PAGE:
At her parent’s home in Migori, things were not any different, as her parents had disowned her after defying the burial cultural practices, which she found disrespectful. “According to Luo traditions, if a married man dies, his wife must have sex with another man prior to the burial as a cleansing ritual. I begged to be excused from the practice and this created hostility between my family and I, hence widening the already existing gap. I was not welcome in my parent’s home,” she explains.

Finding justice and picking up the pieces…

By sheer luck, in 2009, Maureen met Lucy Nyambura; a Good Samaritan who introduced her to the Federation of Women Lawyers (FIDA), a non-governmental organisation whose aim is to improve the legal standing of women in Kenya. The organisation would attach her to a family law lawyer at Kang’ethe Waitere Advocates, who represented her legally on pro bono basis (free of charge) and helped her win an appeal to inherit all the property she co-owned with her husband.

In 2015, Maureen inherited everything that she and her late husband owned and is receiving revenues in form of royalties from George’s music. Previously, she had suffered loss when she took some of the songs George had written to a popular Kikuyu musician only for him to sell them without her consent. She was shocked to hear the songs on radio without a word from the producer.

Maureen has now ventured into music and she says her songs are being well received by Kikuyu radio stations and TV. She has released an album, Kiririkano kia Wanjaro (Wanjaro’s remembrance), in memory of her late husband. She has also written a Kikuyu comedy Thina Ni Umagwao (Poverty has its end). Although she can communicate in Dholuo, she feels comfortable recording her music in Kikuyu.

Her eyes are now set on seeing her son get a good education having sat the Kenya Certificate of Primary Education last year and performing quite well. “I am hopeful that he will one day fit into his father’s shoes. When I look at him, I always see another George,” she says adding that she has forgiven her aggressors.

She is calling out to her husband’s friends and fans to support her music career to enable her educate her son. She would also like to regain custody of her stepson, who was taken by her in-laws after completing his primary education in 2011 and is now out of school.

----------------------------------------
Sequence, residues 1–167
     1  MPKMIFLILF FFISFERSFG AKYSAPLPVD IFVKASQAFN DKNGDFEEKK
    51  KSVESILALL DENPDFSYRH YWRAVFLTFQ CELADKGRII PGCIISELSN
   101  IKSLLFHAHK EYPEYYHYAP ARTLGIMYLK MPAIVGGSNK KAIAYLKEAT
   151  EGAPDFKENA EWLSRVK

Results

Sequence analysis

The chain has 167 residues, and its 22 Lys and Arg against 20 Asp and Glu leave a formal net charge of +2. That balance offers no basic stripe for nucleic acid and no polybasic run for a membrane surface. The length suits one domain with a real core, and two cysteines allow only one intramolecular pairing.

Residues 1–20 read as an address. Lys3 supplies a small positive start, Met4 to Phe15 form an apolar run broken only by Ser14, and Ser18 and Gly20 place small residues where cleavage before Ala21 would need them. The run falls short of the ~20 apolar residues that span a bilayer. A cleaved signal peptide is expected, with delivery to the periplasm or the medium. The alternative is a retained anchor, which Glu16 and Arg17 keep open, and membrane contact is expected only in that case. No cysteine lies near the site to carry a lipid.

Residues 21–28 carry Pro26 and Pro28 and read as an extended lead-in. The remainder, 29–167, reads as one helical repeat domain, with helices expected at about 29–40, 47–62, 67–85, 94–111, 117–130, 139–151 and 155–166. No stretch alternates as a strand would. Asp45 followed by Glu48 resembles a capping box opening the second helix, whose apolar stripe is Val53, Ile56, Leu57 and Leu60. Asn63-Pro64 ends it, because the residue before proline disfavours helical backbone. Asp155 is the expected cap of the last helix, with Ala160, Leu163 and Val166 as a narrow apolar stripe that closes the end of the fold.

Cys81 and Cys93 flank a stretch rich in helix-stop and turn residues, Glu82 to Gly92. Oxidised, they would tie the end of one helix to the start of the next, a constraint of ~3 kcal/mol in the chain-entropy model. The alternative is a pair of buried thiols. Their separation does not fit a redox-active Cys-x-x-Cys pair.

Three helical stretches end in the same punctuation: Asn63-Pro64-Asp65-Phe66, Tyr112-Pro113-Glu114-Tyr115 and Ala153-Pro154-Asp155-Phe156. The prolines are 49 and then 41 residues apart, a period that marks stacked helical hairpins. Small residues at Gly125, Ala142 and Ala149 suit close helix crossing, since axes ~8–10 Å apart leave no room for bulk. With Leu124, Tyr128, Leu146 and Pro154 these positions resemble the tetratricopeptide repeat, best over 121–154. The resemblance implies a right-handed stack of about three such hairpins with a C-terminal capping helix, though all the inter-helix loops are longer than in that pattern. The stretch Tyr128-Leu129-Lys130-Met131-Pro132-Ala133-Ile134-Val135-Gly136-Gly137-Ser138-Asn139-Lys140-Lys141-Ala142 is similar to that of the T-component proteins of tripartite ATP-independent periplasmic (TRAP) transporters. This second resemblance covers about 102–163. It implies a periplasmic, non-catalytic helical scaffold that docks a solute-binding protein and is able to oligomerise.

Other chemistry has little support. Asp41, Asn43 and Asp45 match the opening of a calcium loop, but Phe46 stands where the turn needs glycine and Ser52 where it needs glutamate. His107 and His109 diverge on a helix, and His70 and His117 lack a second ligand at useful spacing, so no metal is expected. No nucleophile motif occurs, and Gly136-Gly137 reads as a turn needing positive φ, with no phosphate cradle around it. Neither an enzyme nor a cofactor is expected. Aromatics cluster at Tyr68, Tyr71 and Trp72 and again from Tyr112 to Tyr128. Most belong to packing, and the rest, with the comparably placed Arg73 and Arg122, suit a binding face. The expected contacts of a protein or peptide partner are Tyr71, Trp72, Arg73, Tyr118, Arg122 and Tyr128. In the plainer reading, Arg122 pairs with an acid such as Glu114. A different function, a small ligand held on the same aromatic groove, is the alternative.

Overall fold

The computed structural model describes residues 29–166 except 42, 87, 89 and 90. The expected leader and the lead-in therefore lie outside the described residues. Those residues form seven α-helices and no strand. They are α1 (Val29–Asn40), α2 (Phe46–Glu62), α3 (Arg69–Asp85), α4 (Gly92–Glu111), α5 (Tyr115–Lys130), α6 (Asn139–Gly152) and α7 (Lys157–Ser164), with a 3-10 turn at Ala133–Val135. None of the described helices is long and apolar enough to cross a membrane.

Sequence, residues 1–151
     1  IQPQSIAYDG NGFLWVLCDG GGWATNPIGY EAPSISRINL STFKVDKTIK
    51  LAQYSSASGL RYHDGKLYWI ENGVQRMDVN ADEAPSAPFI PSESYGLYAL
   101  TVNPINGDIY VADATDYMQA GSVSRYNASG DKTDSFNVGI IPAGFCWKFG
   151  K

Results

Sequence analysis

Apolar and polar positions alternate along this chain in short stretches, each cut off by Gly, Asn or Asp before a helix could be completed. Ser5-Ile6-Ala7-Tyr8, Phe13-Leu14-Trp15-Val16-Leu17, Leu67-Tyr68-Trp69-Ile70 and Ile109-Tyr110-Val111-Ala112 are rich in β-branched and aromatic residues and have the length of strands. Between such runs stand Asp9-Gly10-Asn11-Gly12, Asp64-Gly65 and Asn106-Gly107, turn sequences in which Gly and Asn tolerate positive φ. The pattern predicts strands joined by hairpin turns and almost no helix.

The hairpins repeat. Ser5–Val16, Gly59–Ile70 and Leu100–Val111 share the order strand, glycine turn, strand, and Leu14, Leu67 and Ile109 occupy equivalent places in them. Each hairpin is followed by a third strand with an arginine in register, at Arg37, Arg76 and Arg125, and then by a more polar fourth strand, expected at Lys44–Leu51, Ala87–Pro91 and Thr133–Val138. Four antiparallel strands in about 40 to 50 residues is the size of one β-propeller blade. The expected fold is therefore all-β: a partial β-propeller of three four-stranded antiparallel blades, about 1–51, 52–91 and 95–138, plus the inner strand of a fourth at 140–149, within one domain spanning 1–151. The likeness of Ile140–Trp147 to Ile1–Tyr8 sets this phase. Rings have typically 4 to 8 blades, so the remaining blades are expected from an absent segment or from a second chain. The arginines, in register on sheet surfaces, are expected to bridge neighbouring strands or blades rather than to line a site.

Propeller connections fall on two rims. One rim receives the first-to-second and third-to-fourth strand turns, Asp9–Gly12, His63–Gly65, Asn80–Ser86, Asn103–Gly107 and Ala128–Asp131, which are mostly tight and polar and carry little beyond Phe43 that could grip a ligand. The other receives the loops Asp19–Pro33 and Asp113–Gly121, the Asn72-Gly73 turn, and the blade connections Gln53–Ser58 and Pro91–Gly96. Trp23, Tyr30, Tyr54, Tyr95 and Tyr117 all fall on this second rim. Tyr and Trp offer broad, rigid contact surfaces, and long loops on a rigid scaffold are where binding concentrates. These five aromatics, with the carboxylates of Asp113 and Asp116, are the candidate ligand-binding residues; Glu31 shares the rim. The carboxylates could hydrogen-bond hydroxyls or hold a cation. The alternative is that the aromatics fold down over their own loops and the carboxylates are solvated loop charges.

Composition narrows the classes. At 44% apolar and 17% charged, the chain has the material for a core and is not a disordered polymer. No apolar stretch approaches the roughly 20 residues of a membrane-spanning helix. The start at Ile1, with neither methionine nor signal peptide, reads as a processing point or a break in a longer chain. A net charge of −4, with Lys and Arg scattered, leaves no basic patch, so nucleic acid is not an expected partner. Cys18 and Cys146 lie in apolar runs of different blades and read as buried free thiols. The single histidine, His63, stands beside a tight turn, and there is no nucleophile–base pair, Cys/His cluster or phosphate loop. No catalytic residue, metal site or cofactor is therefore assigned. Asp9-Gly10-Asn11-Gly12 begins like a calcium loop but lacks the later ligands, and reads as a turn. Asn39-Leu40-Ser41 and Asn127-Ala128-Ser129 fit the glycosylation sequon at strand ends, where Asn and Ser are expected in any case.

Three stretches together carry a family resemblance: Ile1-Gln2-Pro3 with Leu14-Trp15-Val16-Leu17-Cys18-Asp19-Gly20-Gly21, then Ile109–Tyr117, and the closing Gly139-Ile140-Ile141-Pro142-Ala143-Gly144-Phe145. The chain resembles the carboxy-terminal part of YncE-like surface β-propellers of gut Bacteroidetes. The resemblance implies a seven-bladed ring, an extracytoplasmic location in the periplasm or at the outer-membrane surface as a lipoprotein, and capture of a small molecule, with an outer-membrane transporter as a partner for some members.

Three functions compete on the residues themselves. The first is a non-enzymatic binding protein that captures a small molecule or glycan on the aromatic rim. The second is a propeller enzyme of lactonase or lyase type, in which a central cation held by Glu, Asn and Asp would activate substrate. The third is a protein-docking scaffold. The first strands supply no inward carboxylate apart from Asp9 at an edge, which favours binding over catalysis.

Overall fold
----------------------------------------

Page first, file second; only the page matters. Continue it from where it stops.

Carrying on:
What the law says about inheritance and matrimonial property

The Kenyan law recognises that each party in a marriage has an equal right to the assets of the marriage. Karen Kang’ethe, a lawyer, says the law stipulates that where a spouse dies without a will, after all debts and liabilities have been paid, the properties should be dealt with as follows:

If a spouse and children survive the deceased, then the surviving spouse inherits all the deceased’s personal effects such as clothing and housing effects and can deal with them as they wish. However, for the rest of the property including land, businesses and vehicles, the surviving spouse inherits them temporarily and cannot sell or dispose of such property without the consent of the children or

the court. These properties will go to the children in equal shares upon the death of the surviving spouse or upon remarriage of the surviving spouse if the surviving spouse is the widow. The surviving spouse is therefore seen to hold the property in trust for the children.

If the deceased does not leave a surviving spouse but is survived by children only, then the children equally inherit all his or her property permanently.

If the deceased leaves no spouse or children, then his/her parents inherit their property. If the parents are dead, the property is inherited by his brothers and sisters; if dead, by nieces and nephews; if none, by stepbrothers and stepsisters or their children, if none; other relatives who are in the nearest order of consanguinity.

In polygamous homes, the property is divided among the houses taking into account the number of children in each house.

Published March 2016